Ben Rendle

Technical Analyst & Developer at Broadridge 
PhD Physics, 2019

""Please tell us a bit about your current role

I work as a technical analyst and developer for a Post-Trade FinTech company, designing and building out software solutions to meet client requirements, deliver new functionality and to enhance our current product capabilities. I'm also a deputy 'scrum lead' (a deputy team leader) and have recently transitioned from the company's graduate training program.

Going into my job hunt, I knew that finding the specific role I wanted within academia in the right place to fit my circumstances at the time would be difficult, so applied for jobs in industry in parallel to trying to find further academic opportunities. Having not been in industry before and considering a change in fields, a role with good training opportunities was appealing to me and this is where I focused my search. The recruitment process was quite straight forward and consisted of a LinkedIn application form, a phone interview and then an assessment day.

What motivated you to do your postgraduate research course?

My original motivation stemmed from a fascination in stellar evolution and wanting to firstly understand more about the subject area, and secondly try to contribute to the field and nudge the collective knowledge base even just a little bit further beyond the current limits. I wasn't thinking too broadly about what would come next, but just challenging myself to contribute to a field I found interesting in a constructive way that hopefully others could then build on top of.

What do you enjoy most and what do you find challenging about your role?

The problem solving aspect and continually being challenged to figure out how new product areas operate are definitely the most rewarding and enjoyable parts of my job as I still get to improve my existing skills and learn new things. The most rewarding is also definitely the most challenging part, especially on the learning new functionality side. Often there is not much documentation or many experts within the company to start you off, so you're learning almost from first principals each time. Great for building foundational knowledge, but can definitely slow things down!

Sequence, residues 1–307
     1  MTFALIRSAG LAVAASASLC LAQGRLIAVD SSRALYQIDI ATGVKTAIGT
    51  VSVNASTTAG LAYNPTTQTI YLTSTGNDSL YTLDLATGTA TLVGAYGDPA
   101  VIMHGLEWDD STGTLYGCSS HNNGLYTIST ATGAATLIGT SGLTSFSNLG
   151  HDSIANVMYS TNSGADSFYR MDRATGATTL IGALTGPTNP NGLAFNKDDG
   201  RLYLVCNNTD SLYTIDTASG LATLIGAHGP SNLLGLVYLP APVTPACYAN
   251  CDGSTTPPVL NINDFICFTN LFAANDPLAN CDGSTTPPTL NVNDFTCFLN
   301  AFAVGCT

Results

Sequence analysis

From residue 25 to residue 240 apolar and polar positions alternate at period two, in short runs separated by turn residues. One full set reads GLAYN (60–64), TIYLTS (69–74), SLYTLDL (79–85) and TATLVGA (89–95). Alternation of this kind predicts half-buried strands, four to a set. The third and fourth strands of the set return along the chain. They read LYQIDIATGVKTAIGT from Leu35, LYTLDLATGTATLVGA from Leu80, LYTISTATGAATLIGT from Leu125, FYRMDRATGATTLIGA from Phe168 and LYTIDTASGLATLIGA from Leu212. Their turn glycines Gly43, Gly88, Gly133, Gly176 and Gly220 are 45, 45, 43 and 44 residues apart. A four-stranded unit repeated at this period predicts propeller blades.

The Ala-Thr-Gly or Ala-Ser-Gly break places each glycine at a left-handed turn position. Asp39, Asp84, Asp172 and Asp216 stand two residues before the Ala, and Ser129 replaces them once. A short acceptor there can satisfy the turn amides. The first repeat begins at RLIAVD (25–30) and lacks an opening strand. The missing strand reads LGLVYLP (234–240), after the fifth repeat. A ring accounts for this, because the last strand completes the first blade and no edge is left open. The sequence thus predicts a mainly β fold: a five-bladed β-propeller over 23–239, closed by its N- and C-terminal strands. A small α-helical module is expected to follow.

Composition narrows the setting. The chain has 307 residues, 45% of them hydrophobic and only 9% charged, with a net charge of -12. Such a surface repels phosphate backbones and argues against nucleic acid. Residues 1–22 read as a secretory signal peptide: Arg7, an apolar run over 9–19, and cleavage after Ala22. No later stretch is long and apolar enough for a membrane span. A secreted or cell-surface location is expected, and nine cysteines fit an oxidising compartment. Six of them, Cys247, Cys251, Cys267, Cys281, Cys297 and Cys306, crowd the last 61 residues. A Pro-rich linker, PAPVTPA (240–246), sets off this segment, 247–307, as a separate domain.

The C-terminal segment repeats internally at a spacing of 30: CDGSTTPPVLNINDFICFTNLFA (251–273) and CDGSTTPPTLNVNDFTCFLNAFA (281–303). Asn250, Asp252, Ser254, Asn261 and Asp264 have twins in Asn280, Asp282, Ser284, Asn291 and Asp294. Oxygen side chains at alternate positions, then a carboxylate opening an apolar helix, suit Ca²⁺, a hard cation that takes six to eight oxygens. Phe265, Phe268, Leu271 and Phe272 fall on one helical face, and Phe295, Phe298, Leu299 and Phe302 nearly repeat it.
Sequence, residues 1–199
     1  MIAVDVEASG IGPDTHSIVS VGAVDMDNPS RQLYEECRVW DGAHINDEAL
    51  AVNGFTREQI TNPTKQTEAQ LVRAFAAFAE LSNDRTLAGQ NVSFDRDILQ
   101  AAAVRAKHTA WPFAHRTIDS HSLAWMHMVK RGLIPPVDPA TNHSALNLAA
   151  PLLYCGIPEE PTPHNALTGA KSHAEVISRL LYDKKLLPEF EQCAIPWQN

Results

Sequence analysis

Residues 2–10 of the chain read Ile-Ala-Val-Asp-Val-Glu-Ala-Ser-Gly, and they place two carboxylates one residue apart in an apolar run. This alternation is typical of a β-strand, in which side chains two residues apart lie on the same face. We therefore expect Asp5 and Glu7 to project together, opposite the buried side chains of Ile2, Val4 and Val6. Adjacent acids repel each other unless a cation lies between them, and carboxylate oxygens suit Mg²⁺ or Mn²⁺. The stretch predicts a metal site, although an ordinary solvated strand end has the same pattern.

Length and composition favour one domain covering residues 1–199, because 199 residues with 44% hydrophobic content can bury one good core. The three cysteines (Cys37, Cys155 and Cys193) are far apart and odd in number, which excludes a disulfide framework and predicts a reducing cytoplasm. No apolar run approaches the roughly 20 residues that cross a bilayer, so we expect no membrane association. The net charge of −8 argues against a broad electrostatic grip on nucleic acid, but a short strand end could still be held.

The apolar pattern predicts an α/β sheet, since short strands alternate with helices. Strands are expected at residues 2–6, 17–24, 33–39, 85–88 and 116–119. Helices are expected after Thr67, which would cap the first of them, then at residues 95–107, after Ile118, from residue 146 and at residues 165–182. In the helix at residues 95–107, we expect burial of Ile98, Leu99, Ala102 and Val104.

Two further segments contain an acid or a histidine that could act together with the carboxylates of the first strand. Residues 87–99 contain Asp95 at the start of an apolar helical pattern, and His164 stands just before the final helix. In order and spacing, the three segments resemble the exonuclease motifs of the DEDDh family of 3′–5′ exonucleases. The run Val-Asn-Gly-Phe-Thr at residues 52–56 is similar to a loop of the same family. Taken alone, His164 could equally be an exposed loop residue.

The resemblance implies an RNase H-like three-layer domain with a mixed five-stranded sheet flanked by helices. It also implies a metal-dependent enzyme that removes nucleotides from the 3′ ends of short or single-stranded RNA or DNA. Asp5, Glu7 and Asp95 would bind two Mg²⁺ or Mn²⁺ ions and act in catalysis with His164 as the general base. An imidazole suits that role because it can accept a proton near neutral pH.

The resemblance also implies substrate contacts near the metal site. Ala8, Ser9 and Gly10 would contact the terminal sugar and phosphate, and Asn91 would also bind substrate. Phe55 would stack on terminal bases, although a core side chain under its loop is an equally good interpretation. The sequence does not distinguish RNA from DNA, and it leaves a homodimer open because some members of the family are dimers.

Have you faced any barriers during your career journey, if so, how did you overcome them?

For me, the hardest part of my career journey so far was the job application phase. I was applying for jobs and postdocs at the same time as writing up my thesis and ended up overloading myself until I one day just crumpled under the stress I'd been putting on myself. I tried to take on too much at once and it didn't work for me.

After this point, I didn't apply for a single job for a month and got two interviews within a week of each other - one of which was for the job I do now! It was a tricky period that I certainly wasn't prepared for.

Hopefully the advice below will be useful for not repeating what I did: 

  • Applications take time and definitely don't work to your timescales. Try to be patient and relax about the process as it'll happen when it happens. 
  • All interviews are good practice. Even if they're for roles you aren't fully interested in, use them for honing your technique and getting you comfortable for when the interview you really want comes around. 
  • Be open minded to the jobs/fields you apply for. There are some roles out there that suit you in fields you would never have thought of! 
  • Don't be afraid to prioritise back onto your work. I understand having the security of a job after your studies is important, but don't forget why you're doing what you currently do and or be concerned about focusing fully on that. It can end up being a good distraction and reset for your mind from all of the job hunting.
  • Finally, be positive! You're highly skilled and there's someone out there looking for your talent!

How did your time at Birmingham help you prepare for this role?

My time at Birmingham really helped to shape my way of thinking, especially when it came to approaching problem solving and analytical tasks. It also exposed me to a variety of working practices and styles due to the international collaborations I was part of, and teaching me how to communicate effectively with a broad spectrum of people. Both of these areas have been key for both the nature of the work I now do and the multi-national team I'm part of.

Completing my PhD also taught me a great amount of resilience and patience in the face of challenges. This has given me a strong appreciation of how to approach problems, what avenues to explore and when to ask questions to maintain momentum.

What advice would you give to students interested in further study?

The best advice I can give is to make sure that you are motivated by the subject that you want to undertake and, if possible, check that the supervisor and group you want to join have a dynamic that you feel will support you. Doing a PhD isn't the easiest of things to do and you're committing a significant amount of time to study one particular area. Making sure that this is something that excites you and that you're doing it with people that care for you as person, and not just a researcher, are definitely important.

I'd also recommend making sure you're active with other things outside of the PhD too. It can sometimes feel a little all consuming, and having something to escape into will help you switch off and have a better balance.






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